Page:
Since I left India where I used to live for a while, I wrote only one article about the multitude of interesting architectures that can be seen in this country. The book Steps to Water: The Ancient Stepwells of India written by Morna Livingston and published by the Princeton Architectural Press is a good excuse to come back to it.

Stepwells are indeed one of the most fascinating typologies of Gujarati and Rajasthani architecture. I visited some of them around Ahmadabad when I  traveled there and was lucky enough to experience the slow architectural procession to the water that those wells offer to their visitors. Morna Livingston’s book introduces an important variety of them via her texts, photos and drawings (see below) which helps efficiently our imagination to reconstitute the religious ceremonial that used to occur in those sacred wells.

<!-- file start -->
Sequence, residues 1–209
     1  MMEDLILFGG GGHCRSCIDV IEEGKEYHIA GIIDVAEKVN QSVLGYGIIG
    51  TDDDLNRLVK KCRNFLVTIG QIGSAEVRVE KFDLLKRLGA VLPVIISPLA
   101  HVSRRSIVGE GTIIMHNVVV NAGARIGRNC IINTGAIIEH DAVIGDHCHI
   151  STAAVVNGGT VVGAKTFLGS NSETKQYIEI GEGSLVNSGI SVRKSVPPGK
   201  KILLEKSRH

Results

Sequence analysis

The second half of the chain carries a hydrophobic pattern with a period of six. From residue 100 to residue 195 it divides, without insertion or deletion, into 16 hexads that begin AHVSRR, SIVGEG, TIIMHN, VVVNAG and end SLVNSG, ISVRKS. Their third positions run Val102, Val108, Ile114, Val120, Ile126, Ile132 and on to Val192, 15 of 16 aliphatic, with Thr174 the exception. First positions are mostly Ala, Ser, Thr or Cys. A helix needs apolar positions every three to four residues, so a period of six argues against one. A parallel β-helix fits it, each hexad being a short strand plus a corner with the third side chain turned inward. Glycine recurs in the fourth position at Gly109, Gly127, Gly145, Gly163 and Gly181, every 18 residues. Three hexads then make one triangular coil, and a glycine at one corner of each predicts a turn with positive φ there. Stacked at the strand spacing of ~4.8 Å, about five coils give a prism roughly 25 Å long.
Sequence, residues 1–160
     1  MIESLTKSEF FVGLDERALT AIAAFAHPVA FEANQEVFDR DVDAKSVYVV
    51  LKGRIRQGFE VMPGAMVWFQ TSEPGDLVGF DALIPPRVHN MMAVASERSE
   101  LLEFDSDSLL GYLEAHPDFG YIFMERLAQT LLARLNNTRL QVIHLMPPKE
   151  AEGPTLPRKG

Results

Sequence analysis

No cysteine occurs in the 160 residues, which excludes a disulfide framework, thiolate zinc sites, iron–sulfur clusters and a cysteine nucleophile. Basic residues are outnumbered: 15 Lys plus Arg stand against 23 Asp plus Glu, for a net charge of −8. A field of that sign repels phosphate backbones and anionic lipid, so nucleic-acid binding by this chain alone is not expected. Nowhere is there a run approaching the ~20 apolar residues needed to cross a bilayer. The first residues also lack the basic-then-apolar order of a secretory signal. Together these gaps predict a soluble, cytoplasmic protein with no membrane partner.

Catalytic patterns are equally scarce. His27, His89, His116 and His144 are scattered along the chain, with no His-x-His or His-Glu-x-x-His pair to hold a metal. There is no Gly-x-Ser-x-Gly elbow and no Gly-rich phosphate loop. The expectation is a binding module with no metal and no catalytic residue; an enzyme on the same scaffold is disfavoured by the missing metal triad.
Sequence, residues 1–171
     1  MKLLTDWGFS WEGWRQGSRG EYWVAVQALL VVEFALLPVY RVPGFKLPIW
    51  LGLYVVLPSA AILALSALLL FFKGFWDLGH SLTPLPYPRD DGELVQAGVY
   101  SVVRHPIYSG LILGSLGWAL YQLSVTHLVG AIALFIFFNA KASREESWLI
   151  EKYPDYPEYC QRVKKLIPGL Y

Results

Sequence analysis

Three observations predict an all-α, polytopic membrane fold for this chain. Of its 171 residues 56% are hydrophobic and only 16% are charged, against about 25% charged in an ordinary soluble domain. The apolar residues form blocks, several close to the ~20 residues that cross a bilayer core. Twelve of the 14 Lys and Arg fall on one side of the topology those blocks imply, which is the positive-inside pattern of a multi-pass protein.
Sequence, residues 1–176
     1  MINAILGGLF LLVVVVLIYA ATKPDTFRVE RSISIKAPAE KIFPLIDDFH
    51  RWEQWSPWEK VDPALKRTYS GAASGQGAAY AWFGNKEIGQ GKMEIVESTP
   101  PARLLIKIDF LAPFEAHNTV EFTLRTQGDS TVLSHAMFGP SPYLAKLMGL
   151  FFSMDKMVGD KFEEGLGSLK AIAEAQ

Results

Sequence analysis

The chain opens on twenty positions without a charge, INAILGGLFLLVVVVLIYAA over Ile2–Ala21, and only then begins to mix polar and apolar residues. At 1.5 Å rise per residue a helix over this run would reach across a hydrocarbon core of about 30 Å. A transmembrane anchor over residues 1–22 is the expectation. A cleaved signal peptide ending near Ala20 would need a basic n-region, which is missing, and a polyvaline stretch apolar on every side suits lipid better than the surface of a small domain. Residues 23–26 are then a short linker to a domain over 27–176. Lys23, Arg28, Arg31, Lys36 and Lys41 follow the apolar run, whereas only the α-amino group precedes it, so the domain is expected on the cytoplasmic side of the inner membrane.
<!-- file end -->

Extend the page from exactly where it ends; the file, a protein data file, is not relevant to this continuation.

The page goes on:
In 2006, the movie director Tarsem Singh extracted the spatial power of some of those wells (see the photo from a previous article) for his very aesthetizing  film, The Fall that was repeatedly using classic Indian architecture to compose  a fictitious environment for his plot. Morna Livingston’s photos, on the contrary, do not hesitate to show the wells in their current state which, sometimes, implies an important affect of time that thus accentuate the beautiful minerality of this architecture of stones.